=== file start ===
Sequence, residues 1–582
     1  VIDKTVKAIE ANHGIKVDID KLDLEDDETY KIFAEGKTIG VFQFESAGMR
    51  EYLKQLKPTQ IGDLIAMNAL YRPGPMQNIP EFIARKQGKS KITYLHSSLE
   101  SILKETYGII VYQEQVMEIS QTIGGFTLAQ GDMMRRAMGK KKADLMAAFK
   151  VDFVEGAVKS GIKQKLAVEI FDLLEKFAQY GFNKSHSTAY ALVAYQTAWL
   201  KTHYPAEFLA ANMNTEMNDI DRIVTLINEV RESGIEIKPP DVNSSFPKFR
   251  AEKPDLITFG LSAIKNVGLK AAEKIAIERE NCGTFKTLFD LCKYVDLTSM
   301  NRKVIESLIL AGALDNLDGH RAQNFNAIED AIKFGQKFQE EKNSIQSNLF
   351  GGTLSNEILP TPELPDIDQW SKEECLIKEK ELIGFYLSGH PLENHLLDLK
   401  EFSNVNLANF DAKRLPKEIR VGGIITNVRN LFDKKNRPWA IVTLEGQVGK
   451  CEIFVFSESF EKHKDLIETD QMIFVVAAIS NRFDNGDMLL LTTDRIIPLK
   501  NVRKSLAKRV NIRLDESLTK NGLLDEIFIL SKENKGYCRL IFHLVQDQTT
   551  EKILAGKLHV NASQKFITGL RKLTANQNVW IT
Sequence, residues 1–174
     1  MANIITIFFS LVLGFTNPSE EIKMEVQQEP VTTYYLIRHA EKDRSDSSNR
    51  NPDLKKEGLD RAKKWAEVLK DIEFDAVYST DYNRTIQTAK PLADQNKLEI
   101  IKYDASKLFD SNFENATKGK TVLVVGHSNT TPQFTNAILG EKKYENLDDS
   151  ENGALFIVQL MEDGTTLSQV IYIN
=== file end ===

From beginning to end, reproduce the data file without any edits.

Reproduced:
Sequence, residues 1–582
     1  VIDKTVKAIE ANHGIKVDID KLDLEDDETY KIFAEGKTIG VFQFESAGMR
    51  EYLKQLKPTQ IGDLIAMNAL YRPGPMQNIP EFIARKQGKS KITYLHSSLE
   101  SILKETYGII VYQEQVMEIS QTIGGFTLAQ GDMMRRAMGK KKADLMAAFK
   151  VDFVEGAVKS GIKQKLAVEI FDLLEKFAQY GFNKSHSTAY ALVAYQTAWL
   201  KTHYPAEFLA ANMNTEMNDI DRIVTLINEV RESGIEIKPP DVNSSFPKFR
   251  AEKPDLITFG LSAIKNVGLK AAEKIAIERE NCGTFKTLFD LCKYVDLTSM
   301  NRKVIESLIL AGALDNLDGH RAQNFNAIED AIKFGQKFQE EKNSIQSNLF
   351  GGTLSNEILP TPELPDIDQW SKEECLIKEK ELIGFYLSGH PLENHLLDLK
   401  EFSNVNLANF DAKRLPKEIR VGGIITNVRN LFDKKNRPWA IVTLEGQVGK
   451  CEIFVFSESF EKHKDLIETD QMIFVVAAIS NRFDNGDMLL LTTDRIIPLK
   501  NVRKSLAKRV NIRLDESLTK NGLLDEIFIL SKENKGYCRL IFHLVQDQTT
   551  EKILAGKLHV NASQKFITGL RKLTANQNVW IT
Sequence, residues 1–174
     1  MANIITIFFS LVLGFTNPSE EIKMEVQQEP VTTYYLIRHA EKDRSDSSNR
    51  NPDLKKEGLD RAKKWAEVLK DIEFDAVYST DYNRTIQTAK PLADQNKLEI
   101  IKYDASKLFD SNFENATKGK TVLVVGHSNT TPQFTNAILG EKKYENLDDS
   151  ENGALFIVQL MEDGTTLSQV IYIN